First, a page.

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Genetics field is source of many ethical questions; Panelists say counselors, doctor retraining needed to keep up with advances


MIAMI -- Would you want to know you had a gene that was a biological time bomb, that would allow you to live a normal life until sometime between age 35 and 50, when your body and brain would begin to deteriorate?

That is the question facing people with a history of Huntington's disease in their families.

James Gusella, the Harvard University researcher who made the genetic discoveries that led to a test for Huntington's, said many people don't want to know because there is no cure.

Those who do find out have a seven-fold increase in suicides.

Gusella spoke at the University of Miami School of Medicine yesterday about his discoveries, and took part with other researchers and geneticists in a discussion of the ethical questions being posed by the rapidly expanding information on gene-related disease.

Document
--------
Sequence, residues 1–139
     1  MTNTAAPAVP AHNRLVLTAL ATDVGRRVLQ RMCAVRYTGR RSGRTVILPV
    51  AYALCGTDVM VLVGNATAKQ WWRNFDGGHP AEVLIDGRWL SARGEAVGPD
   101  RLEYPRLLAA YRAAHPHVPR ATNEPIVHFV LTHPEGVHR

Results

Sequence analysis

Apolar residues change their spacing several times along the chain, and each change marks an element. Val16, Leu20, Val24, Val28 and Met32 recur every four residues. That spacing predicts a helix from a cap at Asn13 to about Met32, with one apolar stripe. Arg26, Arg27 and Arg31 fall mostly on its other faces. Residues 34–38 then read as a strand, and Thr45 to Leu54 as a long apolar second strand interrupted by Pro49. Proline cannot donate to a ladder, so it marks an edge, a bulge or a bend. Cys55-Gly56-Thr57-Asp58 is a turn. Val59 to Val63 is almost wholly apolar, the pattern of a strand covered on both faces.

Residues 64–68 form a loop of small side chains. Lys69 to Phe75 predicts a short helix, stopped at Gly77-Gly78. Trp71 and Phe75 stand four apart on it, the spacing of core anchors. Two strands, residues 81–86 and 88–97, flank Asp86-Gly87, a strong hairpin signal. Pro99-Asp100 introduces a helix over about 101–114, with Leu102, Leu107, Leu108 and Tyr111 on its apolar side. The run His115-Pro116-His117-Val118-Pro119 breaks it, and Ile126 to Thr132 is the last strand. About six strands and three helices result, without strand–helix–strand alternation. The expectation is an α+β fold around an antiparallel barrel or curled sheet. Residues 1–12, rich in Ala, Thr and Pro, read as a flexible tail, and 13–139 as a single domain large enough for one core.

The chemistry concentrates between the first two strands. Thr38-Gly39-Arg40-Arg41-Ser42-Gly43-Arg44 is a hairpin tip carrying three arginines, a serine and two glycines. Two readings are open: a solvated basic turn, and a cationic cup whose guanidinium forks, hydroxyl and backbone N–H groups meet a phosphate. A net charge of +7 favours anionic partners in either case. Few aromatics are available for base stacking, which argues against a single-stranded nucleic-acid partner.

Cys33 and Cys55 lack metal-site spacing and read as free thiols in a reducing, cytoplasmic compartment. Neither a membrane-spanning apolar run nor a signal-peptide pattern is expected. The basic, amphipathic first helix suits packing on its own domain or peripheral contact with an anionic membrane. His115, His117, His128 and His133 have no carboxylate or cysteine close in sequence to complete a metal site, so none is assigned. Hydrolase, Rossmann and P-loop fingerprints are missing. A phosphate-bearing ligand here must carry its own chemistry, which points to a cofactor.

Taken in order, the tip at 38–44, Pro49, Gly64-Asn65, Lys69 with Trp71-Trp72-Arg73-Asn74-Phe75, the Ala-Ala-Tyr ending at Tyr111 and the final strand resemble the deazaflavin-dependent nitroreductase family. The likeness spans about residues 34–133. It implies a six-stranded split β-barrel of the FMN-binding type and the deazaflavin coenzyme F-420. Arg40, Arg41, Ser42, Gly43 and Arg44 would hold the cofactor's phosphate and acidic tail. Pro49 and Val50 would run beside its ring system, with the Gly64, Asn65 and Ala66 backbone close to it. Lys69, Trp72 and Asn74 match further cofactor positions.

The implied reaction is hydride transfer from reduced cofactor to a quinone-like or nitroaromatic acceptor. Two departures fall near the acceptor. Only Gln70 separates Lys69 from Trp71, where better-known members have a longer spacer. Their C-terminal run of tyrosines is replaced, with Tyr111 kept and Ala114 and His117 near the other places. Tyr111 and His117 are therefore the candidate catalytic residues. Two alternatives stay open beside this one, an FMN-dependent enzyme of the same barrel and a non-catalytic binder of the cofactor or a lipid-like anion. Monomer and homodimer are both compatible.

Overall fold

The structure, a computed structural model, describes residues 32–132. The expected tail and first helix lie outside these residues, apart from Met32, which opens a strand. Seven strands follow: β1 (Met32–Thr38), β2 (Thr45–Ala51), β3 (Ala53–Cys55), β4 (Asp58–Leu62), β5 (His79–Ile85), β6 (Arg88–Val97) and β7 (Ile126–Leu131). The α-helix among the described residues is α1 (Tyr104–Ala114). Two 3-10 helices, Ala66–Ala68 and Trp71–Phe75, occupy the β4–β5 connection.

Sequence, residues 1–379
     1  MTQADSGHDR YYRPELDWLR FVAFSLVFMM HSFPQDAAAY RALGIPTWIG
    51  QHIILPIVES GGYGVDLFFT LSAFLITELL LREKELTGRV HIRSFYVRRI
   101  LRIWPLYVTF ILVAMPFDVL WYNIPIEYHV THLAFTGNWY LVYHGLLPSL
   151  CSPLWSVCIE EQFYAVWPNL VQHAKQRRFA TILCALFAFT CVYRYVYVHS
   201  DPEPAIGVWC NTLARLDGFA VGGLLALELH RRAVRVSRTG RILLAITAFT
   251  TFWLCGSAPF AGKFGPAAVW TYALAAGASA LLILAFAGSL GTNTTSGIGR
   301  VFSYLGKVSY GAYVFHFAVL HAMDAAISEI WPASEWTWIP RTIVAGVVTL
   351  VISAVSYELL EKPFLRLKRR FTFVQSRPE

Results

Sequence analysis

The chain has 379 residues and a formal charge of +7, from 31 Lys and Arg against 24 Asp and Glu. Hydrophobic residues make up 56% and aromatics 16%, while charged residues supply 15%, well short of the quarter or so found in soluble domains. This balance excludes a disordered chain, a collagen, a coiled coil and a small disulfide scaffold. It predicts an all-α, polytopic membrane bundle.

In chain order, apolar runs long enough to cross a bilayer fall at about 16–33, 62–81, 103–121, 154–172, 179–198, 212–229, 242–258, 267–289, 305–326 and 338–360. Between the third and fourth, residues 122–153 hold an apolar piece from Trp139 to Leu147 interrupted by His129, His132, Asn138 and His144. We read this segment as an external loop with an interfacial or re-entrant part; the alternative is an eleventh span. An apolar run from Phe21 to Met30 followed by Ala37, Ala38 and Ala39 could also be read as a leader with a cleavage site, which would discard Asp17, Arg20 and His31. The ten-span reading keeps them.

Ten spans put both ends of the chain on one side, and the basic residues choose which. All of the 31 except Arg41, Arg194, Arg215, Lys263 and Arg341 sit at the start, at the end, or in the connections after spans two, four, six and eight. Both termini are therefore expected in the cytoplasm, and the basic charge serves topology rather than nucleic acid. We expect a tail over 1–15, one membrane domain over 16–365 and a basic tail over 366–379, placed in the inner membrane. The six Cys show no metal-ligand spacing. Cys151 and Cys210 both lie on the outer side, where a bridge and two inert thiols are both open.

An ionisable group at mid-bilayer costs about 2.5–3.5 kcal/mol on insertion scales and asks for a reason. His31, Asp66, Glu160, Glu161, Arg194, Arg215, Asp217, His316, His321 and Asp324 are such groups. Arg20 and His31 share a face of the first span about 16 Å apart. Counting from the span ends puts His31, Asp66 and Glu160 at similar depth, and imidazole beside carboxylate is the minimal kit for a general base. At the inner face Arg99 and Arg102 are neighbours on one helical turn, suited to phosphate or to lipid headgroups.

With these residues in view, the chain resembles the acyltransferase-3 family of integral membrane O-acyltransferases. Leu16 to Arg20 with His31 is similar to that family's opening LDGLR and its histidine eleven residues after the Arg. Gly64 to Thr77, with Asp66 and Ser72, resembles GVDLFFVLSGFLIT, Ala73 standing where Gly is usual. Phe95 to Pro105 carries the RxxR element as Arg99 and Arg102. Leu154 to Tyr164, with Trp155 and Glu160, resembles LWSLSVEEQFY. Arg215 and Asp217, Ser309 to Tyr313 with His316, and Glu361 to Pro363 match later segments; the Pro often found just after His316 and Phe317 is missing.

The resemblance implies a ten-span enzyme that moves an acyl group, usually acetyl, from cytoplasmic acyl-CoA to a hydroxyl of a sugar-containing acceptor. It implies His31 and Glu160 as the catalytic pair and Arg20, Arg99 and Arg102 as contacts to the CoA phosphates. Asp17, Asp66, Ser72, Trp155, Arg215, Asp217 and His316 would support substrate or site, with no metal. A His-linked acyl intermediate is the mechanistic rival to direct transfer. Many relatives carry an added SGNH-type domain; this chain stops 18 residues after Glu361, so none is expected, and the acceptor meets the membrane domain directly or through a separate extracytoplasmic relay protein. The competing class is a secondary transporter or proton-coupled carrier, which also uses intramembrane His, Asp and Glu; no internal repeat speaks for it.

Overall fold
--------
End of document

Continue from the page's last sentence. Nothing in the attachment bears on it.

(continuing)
"Genetics is a component of all disorders," he said.

Genetics will be become so important in American life and health care, that every child should begin learning about it in elementary school, and doctors now practicing medicine will need to be retrained, Gusella said.

"There's a tremendous need for genetics counselors, and there will be an even greater need, but a great deal of this will have to come from doctors in practice right now," Gusella said.

And while discoveries of the genes that cause disease can possibly lead to treatments, there are a variety of ethical questions confronting geneticists and other physicians in the meantime. The panelists posed a number of questions, but there were no easy answers.

"If you've identified a woman with a [breast cancer gene] mutation, what do you do about the rest of the family?" asked Dr. Karl Muench, a UM geneticist. Is it the doctor's responsibility to track down and notify sisters, mothers, daughters that they may also carry the gene? What about the issue of patient confidentiality?

And if people decide to be tested, should they ask their insurance company to pay for the test? Some genetics counselors recommend that people pay for it themselves, because if an insurer discovers you might have a serious health problem in the future, you could lose your coverage, panelists said.

Pub Date: 2/26/99

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